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Iris selections


Named for the Greek goddess of the rainbow, iris indeed comes in a rainbow of colors and in many heights. All have the classic, impossibly intricate flowers. The flowers are constructed with three upright "standard" petals and three drooping "fall" petals, which are often different colors. The falls may be "bearded" or not. Some cultivars bloom a second time in late summer. Some species prefer alkaline soil while others prefer acidic soil.

Shown above: Immortality iris

Sun,Part Sun
Plant Type:
Plant Height:
6 inches to 3 feet tall
Plant Width:
6 inches to 2 feet wide
Landscape Uses:
Containers,Beds & Borders,Slopes,Groundcover
Special Features:
Flowers,Attractive Foliage,Fragrant,Winter Interest,Cut Flowers,Attracts Birds,Attracts Hummingbirds,Attracts Butterflies,Drought Tolerant,Tolerates Wet Soil,Deer Resistant,Easy to Grow
Top Varieties

Iris sibirica 'Bennerup Blue' produces cobalt-blue flowers with small white blotches. It grows 2 feet tall. Zones 3-9
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Iris 'Champagne Elegance' has glamorous fragrant flowers, several per stem, that have pale buff-apricot falls with amber beards and white standards faintly blushed pink. This tall bearded type may rebloom in late summer. It grows 3 feet tall. Zones 4-9
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Iris cristata is a wild form native to areas of North America. It bears blue, white, or purple flowers in spring over tiny clumps of sword-shape foliage and grows to 1 foot tall. Zones 3-9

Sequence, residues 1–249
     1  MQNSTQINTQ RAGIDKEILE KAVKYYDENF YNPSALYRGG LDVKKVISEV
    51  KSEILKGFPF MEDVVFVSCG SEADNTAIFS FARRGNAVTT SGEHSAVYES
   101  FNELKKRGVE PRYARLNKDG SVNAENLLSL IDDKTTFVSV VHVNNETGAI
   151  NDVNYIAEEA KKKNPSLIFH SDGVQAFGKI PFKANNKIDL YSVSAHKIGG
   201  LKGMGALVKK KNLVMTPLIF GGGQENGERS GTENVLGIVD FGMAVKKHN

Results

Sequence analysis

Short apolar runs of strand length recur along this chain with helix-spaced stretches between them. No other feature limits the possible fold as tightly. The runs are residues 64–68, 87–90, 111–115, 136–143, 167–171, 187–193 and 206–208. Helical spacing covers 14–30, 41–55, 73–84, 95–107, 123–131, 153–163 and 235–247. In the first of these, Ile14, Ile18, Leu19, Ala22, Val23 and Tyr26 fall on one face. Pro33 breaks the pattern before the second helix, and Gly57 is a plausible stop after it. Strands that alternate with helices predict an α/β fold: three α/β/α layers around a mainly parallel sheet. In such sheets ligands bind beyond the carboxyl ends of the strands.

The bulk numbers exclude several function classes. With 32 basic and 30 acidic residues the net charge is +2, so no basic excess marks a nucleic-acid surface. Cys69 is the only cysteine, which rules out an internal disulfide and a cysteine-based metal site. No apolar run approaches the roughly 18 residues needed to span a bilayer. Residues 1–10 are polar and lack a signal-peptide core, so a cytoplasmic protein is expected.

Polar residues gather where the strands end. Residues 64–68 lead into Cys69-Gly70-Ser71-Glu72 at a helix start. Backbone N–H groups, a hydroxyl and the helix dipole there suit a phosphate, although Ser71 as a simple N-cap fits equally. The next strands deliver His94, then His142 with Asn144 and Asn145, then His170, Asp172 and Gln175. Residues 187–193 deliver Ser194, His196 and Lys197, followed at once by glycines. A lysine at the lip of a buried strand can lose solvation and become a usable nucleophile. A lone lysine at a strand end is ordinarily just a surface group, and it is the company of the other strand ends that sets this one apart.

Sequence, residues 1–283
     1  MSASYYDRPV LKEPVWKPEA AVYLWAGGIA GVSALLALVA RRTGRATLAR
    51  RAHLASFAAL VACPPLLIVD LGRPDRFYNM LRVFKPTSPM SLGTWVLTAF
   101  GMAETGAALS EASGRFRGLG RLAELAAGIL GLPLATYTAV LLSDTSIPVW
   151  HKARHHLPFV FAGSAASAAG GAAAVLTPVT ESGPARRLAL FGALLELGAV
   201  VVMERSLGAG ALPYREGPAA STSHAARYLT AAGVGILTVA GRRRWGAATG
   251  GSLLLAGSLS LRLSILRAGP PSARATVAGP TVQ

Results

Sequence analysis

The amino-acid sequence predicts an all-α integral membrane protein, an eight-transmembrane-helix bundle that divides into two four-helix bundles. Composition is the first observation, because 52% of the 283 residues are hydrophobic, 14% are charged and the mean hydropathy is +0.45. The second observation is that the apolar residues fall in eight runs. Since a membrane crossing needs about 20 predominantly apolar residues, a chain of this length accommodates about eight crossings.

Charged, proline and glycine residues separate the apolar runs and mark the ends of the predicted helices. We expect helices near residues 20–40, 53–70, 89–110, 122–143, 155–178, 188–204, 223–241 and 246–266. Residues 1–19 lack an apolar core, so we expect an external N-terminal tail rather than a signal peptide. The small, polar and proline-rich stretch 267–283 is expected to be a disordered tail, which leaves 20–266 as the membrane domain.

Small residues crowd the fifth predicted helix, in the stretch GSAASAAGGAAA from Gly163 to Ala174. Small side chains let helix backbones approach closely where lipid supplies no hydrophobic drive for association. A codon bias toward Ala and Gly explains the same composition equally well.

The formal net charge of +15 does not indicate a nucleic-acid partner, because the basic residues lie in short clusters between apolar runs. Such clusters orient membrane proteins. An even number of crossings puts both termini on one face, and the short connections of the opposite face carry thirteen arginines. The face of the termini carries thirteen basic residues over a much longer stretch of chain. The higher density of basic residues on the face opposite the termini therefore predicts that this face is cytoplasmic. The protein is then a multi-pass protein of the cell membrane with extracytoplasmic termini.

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Iris ensata 'Electric Rays' is a Japanese iris with large double violet flowers streaked with white. This award-winning variety grows 3 feet tall. Zones 5-9
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Iris sibirica 'Harpswell Snowburst' offers blue-violet flowers edged in white. It grows 3 feet tall. Zones 3-9
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Iris 'Immortality' is a tall bearded type that offers pure-white flowers. It commonly reblooms in fall and grows 3 feet tall. Zones 4-9
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Iris chrysographes is known for its especially dark purple-red fragrant flowers. It blooms in early summer and grows 2 feet tall. Zones 7-9
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Iris danfordiae is an early-blooming bulb with single yellow flowers in late winter. It grows 6 inches tall. Zones 5-8
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Iris fulva has 4-inch-wide coppery-red flowers that are yellow at the center but without beards. The swordlike leaves may reach 4 feet tall. Zones 4-9
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Iris ensata 'Satozakura' prefers to grow in water or damp places where soil is acidic. Its large, somewhat flat mauve to rosy-pink flowers are yellow at the throat and conspicuously veined. Clumps grow to 3 feet tall. Zones 6-9
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Iris sibirica 'White Swirl' makes tough clumps of narrow green sword-shape leaves. In midsummer, each stem blooms with several 1- to 2-inch pure-white flowers touched with yellow at the base. Zones 3-9
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Iris pseudacorus grows vigorously in wet places. Its thick clumps of grayish spearlike leaves may reach 4 feet tall. In late spring and summer, 2-inch yellow flowers appear on strong stems. It may become invasive. Zones 5-8
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Plant It With

Thrift's tight mounds of grayish foliage and spherical pink or white flower heads are perfect companions for some of the low-growing species of iris in rock gardens.


Many primroses thrive in wet areas where water-loving iris also thrives. Earlier-blooming primroses extend the season of bloom, which is continued by the iris.


The sumptuous flowers and handsome fingered foliage of peonies show off well against bearded iris flowers and sword-shape leaves.


In areas where lupines do well, the vertical spikes of flowers make a stunning picture with bearded iris. Their palmate leaves contrast well with those of iris.